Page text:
Compare and Contrast Blake’s use of style in the poems ‘The Tyger’, ‘London’ and ‘The Sick Rose’. Describe how these poems reflect his attitude towards eighteenth century Britain.
William Blake was brought up by a rebellious family. His family disagreed with the ways of the church. This led him to believe certain things about the Church of England. He was convinced that the church was corrupt with the ways they controlled people’s thoughts. Always preying instead of sorting out the problems in society. Blake didn’t agree with any sort of authority and ways which people were given rules and orders to follow. Blake’s views were that the church had a lot to do with evil and death they pretended to care about helping others, and their prayers were just an excuse for seeing to the much needed attention of society. Although Blake had much disliking for the church it didn’t stop him from reading the Bible.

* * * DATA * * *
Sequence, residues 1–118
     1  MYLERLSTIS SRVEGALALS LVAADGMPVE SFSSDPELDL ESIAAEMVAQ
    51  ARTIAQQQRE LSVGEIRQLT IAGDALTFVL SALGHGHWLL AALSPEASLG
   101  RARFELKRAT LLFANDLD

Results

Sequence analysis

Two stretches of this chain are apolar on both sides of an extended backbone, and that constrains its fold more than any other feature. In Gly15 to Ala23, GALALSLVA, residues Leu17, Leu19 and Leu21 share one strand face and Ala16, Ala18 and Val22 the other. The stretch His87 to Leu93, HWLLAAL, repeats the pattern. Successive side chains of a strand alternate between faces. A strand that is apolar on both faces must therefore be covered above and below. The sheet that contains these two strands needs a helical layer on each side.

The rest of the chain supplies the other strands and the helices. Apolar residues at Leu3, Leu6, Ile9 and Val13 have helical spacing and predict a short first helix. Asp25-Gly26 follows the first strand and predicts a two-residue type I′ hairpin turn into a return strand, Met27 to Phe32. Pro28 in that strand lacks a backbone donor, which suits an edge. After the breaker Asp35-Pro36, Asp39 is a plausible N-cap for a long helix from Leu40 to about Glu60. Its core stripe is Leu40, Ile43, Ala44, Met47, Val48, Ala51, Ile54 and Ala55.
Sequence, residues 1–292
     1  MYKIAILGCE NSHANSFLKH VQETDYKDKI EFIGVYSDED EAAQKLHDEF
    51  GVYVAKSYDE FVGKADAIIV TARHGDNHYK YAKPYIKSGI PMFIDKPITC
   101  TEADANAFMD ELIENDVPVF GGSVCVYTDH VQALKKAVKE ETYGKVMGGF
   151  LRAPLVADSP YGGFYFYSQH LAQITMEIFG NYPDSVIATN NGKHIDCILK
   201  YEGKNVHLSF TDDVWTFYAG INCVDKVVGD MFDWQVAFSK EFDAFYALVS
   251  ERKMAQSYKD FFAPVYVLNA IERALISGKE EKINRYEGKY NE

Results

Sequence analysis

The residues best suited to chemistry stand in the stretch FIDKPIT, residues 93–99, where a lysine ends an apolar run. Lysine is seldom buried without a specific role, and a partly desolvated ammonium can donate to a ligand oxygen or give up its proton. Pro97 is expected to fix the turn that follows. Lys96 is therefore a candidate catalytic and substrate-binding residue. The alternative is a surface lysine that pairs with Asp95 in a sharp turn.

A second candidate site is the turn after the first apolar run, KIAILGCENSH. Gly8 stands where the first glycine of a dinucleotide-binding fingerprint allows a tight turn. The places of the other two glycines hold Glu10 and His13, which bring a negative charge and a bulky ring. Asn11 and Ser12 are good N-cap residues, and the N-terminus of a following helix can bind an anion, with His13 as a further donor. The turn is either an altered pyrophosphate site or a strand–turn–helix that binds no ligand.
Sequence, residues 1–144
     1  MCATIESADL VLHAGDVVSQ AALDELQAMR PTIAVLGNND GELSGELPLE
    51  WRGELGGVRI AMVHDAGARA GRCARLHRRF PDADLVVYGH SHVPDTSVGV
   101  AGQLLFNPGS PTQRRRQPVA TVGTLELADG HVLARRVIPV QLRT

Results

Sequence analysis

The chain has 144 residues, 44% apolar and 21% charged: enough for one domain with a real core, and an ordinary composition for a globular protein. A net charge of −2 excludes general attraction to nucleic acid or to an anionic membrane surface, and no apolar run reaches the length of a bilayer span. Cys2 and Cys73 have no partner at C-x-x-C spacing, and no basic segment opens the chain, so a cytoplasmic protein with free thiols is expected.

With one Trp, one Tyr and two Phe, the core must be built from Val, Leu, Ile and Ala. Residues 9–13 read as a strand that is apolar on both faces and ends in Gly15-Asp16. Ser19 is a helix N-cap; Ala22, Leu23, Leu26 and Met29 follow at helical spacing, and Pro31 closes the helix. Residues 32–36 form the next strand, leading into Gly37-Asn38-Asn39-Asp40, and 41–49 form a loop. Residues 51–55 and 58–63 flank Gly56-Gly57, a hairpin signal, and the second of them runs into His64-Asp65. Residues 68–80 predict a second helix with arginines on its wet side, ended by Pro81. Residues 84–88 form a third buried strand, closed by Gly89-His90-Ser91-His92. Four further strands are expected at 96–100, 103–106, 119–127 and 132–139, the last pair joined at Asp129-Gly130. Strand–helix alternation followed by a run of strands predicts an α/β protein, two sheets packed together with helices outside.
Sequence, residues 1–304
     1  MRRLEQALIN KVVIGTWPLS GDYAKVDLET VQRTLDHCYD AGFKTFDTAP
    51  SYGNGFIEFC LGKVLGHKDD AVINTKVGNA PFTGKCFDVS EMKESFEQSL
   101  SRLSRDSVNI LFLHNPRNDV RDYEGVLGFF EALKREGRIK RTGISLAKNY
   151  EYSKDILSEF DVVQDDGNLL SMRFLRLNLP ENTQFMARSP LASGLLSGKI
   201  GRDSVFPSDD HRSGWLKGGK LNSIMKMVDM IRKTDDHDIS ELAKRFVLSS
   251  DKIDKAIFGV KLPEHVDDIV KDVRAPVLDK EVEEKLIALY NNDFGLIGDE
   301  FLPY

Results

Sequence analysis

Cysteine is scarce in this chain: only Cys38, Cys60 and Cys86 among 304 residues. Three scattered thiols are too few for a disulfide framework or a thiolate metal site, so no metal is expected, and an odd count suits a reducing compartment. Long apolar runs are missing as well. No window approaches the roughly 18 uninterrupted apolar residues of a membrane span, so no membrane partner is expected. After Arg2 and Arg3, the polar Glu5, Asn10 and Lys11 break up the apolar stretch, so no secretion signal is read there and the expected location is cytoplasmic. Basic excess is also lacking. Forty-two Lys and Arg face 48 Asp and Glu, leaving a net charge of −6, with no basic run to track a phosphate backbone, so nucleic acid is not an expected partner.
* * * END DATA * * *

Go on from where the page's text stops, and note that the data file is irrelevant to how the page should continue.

Blake also hated the ways in which society was run. He saw how the young were exploited by society. Young children were forced in to work to do jobs like chimney sweeps. The young women had to become prostitutes in order to make a living. The young men would have to join the army and fight. Blake was writing his poetry in the time of the Industrial Revolution. He saw the Industrial Revolution as a set of rules, which stopped people thinking and chained them to a routine. Blake hated anything conventional. He did not like the way the new factories were being pushed into people’s lives. This way of working was repetitive this led to limited imaginations.
In this essay I will examine the three poems by William Blake, taken from his anthology ‘Songs of Innocence and Experience.’ I will be looking at ‘The Tyger’, ‘London’ and ‘The Sick Rose’. Similarities and differences will be used to compare and explore the terms and views, which Blake gives in his poems. I will be concentrating on images of darkness, innocence and restriction. I shall also look at Blake’s style and stricture of his poems, which includes his use of rhythm.